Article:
June 21, 2019

Serpentine Galleries Chief Executive Officer Yana Peel Resigns Amid Controversy

LONDON, ENGLANDYana Peel, the chief executive officer of the Serpentine Galleries in London, stepped down on Tuesday, days after The Guardianreported that her husband’s investment company, Novalpina Capital, purchased a controlling stake in an Israeli cybersecurity firm whose software has been used by governments to track dissidents.

“In light of a concerted lobbying campaign against my husband’s recent investment, I have taken the decision to step down as CEO of the Serpentine Galleries,” Peel said in a statement. “I am saddened to find myself in this position. I have dedicated the majority of my professional life to public service in the cultural sector. I am proud of all that has been achieved for art and artists in my roles as co-founder of Outset, chair of Para Site Art Space and supporter of many arts institutions in London.”

Stephen Peel owns one third of Novalpina Capital, which he cofounded in 2016. According to an announcement on the company’s website, the equity firm “completed the acquisition of a majority stake” in the NSO Group on March 18. “NSO develops technology that provides government intelligence and law enforcement agencies with the critically important capabilities to lawfully collect data or sometimes legally intercept communications of individuals suspected of terrorism or organized crime,” the webpage reads. It also acknowledges the “ongoing debate about the use and implementation of lawful interception technology” and declares that Novalina is “committed to creating an example in the lawful interception and TMT sector, that all others can admire and aspire to emulate.”

Yana Peel has contested the initial Guardian report, written by Jon Swaine and Stephanie Kirchgaessner and headlined “UK Rights Advocate Co-Owns Firm Whose Spyware Is ‘Used to Target Dissidents.’” According to Schillings International LLP, Yana Peel is an indirect owner of the company; she does not co-own or control the NSO Group and has no involvement in the operations of the NSO Group.

According to the New York Times, the Montreal-based Saudi activist Omar Abdulaziz, a friend of the murdered journalist Jamal Khashoggi, filed a lawsuit against the NSO Group that claims the company helped the Saudi government gain access to Khashoggi’s smartphone and monitor his communications with its spyware, known as Pegasus. Amnesty International has also accused the NSO Group of targeting other Saudi dissidents. One of its members reported receiving a suspicious WhatsApp message with content related to Saudi Arabia. Following an investigation, the human rights group believes that this message as well as others received by activists were clickbait that were designed to deploy mobile spyware.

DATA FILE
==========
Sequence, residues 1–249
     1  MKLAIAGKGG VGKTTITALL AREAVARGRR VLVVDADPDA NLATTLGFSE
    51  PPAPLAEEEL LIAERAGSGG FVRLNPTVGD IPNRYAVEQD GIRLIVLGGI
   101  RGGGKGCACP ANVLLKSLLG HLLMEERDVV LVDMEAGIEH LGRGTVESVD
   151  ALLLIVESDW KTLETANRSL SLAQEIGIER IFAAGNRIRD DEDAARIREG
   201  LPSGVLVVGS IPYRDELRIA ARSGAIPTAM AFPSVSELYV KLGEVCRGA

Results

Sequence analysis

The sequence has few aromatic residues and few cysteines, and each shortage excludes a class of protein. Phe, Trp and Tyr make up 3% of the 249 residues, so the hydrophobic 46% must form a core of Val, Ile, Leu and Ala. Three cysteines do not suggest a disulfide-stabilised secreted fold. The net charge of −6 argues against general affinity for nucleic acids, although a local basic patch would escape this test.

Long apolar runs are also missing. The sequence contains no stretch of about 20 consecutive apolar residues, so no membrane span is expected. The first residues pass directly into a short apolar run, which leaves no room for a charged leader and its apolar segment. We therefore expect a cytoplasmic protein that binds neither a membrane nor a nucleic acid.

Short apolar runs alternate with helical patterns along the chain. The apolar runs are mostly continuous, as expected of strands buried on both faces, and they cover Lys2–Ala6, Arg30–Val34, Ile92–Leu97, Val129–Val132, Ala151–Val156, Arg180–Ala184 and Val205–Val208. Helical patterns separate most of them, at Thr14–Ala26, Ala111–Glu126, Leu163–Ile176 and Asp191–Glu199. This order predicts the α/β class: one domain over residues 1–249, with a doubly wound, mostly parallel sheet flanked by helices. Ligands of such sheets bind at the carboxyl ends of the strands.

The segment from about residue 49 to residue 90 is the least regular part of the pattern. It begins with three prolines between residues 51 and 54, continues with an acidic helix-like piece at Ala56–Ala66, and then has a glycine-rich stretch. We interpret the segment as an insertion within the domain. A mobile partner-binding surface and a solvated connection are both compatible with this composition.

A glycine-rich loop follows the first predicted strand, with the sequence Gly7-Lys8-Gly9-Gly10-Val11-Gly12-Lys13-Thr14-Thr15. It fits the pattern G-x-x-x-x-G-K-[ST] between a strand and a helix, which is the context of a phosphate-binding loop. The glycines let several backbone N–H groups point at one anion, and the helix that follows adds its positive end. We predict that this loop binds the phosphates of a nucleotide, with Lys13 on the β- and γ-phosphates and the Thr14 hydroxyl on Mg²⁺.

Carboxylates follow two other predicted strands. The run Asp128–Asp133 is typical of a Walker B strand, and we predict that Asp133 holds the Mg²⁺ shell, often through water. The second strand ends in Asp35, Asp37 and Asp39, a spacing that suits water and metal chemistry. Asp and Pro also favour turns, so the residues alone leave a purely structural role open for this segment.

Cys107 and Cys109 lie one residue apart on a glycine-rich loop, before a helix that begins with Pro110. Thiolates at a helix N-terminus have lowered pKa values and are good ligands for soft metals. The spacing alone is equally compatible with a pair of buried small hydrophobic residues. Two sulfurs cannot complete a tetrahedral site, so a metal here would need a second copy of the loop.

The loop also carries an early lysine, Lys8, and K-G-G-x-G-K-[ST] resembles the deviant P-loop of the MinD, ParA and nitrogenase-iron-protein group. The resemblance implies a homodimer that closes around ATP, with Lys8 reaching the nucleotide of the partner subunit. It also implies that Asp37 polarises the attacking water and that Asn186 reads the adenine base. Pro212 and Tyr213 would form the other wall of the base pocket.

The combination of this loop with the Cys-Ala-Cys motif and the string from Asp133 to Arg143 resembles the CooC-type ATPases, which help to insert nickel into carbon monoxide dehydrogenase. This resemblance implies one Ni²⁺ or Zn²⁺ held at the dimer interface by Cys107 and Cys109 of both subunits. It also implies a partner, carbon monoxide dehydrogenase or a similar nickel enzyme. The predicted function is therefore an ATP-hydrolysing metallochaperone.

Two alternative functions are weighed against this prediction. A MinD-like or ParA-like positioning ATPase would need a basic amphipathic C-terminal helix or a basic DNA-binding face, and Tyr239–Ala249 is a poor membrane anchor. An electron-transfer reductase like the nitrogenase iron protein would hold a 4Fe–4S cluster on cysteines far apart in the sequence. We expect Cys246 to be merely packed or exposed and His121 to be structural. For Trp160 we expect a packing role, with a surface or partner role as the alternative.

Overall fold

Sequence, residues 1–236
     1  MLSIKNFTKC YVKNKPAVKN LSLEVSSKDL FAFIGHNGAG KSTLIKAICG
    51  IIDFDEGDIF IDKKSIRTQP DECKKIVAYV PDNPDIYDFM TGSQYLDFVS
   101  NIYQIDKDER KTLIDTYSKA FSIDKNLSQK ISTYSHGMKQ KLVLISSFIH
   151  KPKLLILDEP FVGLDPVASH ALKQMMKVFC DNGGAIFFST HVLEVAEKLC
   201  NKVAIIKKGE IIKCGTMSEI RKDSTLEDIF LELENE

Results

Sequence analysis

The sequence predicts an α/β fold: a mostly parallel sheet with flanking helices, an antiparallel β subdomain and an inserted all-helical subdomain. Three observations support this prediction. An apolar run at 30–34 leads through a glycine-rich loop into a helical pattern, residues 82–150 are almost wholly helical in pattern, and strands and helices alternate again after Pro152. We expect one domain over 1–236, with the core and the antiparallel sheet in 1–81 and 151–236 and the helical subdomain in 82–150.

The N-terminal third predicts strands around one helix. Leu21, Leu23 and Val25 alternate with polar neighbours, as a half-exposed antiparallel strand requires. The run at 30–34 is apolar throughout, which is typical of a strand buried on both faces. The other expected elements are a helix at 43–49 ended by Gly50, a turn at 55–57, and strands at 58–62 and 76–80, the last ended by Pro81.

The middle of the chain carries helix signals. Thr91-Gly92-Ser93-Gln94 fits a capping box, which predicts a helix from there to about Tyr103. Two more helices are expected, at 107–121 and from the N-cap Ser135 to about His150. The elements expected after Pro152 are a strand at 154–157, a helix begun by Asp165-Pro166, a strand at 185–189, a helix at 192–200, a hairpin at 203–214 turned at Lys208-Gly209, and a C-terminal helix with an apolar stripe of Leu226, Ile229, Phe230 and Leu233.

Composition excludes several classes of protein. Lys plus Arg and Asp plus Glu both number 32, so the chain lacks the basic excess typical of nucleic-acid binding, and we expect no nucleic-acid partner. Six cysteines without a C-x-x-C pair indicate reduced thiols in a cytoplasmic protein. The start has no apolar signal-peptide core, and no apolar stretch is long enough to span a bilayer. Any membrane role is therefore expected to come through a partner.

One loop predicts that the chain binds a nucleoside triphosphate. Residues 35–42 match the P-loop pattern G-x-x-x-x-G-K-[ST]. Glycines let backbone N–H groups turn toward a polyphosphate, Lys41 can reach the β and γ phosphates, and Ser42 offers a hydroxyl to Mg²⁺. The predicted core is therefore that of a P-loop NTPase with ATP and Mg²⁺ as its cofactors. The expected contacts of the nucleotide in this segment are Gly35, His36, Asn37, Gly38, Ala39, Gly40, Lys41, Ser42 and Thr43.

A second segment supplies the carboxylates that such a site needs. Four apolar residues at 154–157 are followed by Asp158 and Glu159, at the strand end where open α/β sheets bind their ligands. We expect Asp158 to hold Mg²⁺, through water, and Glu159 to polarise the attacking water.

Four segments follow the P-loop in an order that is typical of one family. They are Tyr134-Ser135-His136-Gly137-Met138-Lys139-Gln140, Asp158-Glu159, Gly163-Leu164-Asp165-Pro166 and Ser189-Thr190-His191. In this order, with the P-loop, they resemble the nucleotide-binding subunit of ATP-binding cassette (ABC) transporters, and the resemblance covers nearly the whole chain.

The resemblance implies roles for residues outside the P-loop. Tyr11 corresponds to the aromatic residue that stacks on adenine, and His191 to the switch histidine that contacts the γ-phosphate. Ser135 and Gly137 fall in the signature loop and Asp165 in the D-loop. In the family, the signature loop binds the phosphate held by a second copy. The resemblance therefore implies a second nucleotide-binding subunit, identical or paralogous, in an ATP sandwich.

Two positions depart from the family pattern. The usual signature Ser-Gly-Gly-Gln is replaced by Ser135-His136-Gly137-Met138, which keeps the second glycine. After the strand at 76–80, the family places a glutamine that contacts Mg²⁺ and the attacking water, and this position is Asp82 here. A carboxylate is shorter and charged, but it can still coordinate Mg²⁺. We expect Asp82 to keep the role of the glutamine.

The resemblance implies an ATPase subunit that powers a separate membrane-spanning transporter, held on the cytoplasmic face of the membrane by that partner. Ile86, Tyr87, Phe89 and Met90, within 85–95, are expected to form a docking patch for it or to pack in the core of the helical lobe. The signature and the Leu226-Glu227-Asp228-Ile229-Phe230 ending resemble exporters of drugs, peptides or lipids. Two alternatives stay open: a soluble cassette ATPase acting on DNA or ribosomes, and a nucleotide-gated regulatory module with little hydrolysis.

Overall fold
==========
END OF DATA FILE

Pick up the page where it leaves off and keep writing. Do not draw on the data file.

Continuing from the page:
After learning of Peel’s indirect ownership of the company, artist Hito Steyerl withdrew an artwork from the galleries’ webpage. “I am very happy that the Serpentine Galleries set a strong precedent by reacting quickly thus living up to their stated ethical values,” Steyerl told the New York Times in an email after Peel tendered her resignation. “I think it’s a valuable example for art institutions worldwide.”

In response to Peel’s decision to depart, the Serpentine Galleries’ board of trustees said: “It is with a mix of gratitude and regret that the board of trustees of the Serpentine Galleries has accepted the resignation of CEO Yana Peel. Since taking on the role in 2016, Yana has done an exemplary job furthering the mission, visibility, and financial standing of the Serpentine, increasing support and donations, overseeing ground-breaking exhibitions, and expanding the Serpentine’s program internationally year over year.”

It continued: “Yana leaves the Serpentine Galleries deeply grounded in its mission to provide both established and emerging artists with a dynamic platform to showcase their work, and well-positioned to thrive. While we have every confidence in the Serpentine’s ability to continue to serve artists, visitors, and supporters in the future, she will be sorely missed. The arts sector will be poorer without her immeasurable contributions to our cultural lives.”

Earlier this year, the Serpentine Galleries also faced backlash over its ties to members of the Sackler family associated with the pharmaceutical company Purdue Pharma, which manufactures OxyContin and has largely been blamed for sparking the opioid crisis in the United States. In March, a spokesperson for the institution said that it had “no further funding applications” from the Sackler Trust.

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